• A. Philip Randolph Houses, New York. This 283-unit redevelopment effort preserves and rehabilitates 36 ‘old law’ tenements constructed in the 1890s in Central Harlem. The development serves residents earning from 30% to 80% of area median income; some units are covered by Section 8 vouchers. Other improvements include modern layouts, accessible design, and landscaped outdoor spaces.
  • Blooming Meadows South and Blooming Meadows North, Bloomington, Minn. Nonprofit developer Aeon preserved 306 units of naturally occurring affordable housing while building an additional 172 affordable homes within walking distance of the Mall of America.
  • Ken Soble Tower, Hamilton, OntarioThis ground-breaking project rehabilitates a post-war apartment tower to the Passive House EnerPHit standard — reducing greenhouse gas emissions by 94% and acting as a pilot for net-zero-ready housing renewal projects. The building’s modernization has also reinstated 146 units of affordable seniors’
  • Queens Court, Arlington, Va. Arlington Partnership for Affordable Housing redeveloped this aging, garden-style apartment complex into a 12-story, 249-unit affordable community in urban Rosslyn. Residents have access to community and onsite amenities including free or low-cost internet and a public playground. The property is within walking distance of two Metro stations.

The jury for the two awards is chaired by Ron Terwilliger, founder of the ULI Terwilliger Center and chairman of Terwilliger Pappas Multifamily Partners.

Other jury members are Paul Bernard, president and CEO, Arlington Housing Corporation Inc., Arlington, Va.; Rodger Brown, managing director of real estate development, Preservation of Affordable Housing, Boston; Payton Chung, managing partner, Westover Green, Washington; Tamara Dudukovich, principal, Avenue Ventures LLC, Pittsburgh; Alan George, executive vice president (retired), Equity Residential, Chicago; Dara Kovel, president, Beacon Communities, Boston; Mark Richardson, chief technology officer, Rich Analytics, Toronto; Jaydan Tait, president and CEO, Attainable Homes Calgary, Calgary, Alberta; Emily Thompson, partner, GMD Development, Seattle; Dawnita Wilson, vice president, head of diversity and inclusion, JBG Smith, Bethesda, Md.; Margaret Wylde, CEO, ProMatura Group, Oxford, Miss.; and Bob Youngentob, executive chairman and co-founder, EYA LLC, Bethesda, Md.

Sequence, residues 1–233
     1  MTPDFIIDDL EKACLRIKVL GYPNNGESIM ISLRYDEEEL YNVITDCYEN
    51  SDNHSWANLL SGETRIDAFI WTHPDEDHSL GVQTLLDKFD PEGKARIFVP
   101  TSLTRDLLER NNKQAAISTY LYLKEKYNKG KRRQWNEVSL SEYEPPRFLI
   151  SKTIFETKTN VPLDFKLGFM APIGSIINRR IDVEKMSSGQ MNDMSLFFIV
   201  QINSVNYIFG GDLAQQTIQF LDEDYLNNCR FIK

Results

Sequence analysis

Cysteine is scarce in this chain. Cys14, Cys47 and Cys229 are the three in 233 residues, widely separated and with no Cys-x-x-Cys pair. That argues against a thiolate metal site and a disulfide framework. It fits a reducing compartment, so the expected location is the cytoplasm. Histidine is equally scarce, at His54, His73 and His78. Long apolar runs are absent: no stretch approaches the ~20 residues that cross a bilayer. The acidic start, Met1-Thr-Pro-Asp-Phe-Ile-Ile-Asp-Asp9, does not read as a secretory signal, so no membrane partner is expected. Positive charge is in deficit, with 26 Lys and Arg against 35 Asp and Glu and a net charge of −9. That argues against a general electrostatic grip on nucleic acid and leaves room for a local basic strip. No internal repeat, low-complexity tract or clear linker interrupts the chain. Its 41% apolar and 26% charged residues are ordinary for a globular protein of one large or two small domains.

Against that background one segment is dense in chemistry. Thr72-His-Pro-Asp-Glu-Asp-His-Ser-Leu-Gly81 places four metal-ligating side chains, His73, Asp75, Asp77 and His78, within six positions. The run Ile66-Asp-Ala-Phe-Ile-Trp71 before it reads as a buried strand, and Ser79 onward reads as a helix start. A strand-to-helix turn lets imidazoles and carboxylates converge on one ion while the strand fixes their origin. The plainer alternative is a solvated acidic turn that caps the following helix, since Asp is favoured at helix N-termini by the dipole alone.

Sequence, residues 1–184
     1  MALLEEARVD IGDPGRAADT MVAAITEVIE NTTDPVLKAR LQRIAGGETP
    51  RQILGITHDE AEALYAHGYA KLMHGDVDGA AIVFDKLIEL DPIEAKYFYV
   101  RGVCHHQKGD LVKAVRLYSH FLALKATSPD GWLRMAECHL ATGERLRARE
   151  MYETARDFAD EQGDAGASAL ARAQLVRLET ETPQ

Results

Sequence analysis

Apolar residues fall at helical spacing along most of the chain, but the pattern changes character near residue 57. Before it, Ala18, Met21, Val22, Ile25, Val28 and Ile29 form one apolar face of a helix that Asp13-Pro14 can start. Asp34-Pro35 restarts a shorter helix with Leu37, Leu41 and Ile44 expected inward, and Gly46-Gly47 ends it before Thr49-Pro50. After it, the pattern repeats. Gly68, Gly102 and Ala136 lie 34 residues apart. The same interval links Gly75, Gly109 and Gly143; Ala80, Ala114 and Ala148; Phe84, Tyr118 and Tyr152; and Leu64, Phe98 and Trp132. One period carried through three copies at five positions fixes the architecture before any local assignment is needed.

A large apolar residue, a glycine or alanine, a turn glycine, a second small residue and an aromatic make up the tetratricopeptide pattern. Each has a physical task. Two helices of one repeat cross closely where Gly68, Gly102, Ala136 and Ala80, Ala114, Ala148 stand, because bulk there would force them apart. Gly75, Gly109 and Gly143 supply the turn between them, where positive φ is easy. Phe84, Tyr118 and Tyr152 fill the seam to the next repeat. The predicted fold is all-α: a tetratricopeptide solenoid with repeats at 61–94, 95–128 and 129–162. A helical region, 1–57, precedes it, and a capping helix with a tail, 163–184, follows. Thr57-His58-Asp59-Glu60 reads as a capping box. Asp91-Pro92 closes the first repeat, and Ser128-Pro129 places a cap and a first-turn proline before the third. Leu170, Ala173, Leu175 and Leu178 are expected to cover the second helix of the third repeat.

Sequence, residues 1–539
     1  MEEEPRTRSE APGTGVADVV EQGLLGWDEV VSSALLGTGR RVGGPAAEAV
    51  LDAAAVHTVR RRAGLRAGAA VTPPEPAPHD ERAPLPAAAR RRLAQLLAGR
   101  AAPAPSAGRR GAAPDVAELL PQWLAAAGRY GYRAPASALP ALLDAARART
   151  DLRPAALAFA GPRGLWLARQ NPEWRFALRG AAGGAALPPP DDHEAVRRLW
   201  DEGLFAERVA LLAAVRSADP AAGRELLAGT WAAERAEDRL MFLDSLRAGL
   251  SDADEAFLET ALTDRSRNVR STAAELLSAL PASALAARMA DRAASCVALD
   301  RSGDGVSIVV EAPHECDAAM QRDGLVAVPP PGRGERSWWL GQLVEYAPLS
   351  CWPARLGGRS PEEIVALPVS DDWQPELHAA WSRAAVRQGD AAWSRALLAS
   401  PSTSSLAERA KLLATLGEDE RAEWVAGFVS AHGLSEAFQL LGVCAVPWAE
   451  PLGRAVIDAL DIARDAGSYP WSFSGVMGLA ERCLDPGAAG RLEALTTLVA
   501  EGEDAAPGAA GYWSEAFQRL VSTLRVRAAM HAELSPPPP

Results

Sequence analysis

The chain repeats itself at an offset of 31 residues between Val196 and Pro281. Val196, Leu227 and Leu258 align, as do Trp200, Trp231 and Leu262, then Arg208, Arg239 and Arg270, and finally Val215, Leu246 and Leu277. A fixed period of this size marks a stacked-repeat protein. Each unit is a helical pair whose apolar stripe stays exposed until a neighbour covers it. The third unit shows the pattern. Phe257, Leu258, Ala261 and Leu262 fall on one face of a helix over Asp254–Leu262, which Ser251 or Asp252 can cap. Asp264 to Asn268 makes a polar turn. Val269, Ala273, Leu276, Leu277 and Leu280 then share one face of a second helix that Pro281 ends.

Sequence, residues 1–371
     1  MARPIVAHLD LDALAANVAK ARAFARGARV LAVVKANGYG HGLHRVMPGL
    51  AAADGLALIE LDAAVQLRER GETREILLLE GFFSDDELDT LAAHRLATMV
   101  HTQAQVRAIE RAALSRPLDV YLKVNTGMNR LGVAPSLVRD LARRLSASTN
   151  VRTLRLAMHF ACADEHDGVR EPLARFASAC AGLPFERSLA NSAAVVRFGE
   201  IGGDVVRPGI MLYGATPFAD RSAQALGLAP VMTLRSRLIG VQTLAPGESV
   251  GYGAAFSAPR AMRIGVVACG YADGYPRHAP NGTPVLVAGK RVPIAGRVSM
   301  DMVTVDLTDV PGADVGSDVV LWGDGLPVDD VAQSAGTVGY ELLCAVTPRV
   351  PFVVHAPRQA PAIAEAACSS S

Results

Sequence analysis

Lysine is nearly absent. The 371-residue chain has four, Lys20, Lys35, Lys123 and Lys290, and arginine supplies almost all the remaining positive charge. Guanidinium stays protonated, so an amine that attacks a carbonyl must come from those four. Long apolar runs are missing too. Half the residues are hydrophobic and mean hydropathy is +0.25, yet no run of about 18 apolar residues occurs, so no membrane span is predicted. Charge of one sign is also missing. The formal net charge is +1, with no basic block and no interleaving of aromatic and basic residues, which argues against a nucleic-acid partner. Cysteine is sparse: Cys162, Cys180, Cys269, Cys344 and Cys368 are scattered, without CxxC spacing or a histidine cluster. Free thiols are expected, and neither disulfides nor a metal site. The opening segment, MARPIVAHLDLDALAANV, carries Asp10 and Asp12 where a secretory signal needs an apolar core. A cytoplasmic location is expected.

For questions about the housing awards program and the 2023 awards process and schedule, email Terwilliger.Award@uli.org.

For more information, contact media@uli.org.


About the Urban Land Institute 

The Urban Land Institute is a non-profit education and research institute supported by its members. Its mission is to shape the future of the built environment for transformative impact in communities worldwide. Established in 1936, the institute has more than 45,000 members worldwide representing all aspects of land use and development disciplines. For more information on ULI, please visit uli.org, or follow us on TwitterFacebookLinkedIn, and Instagram.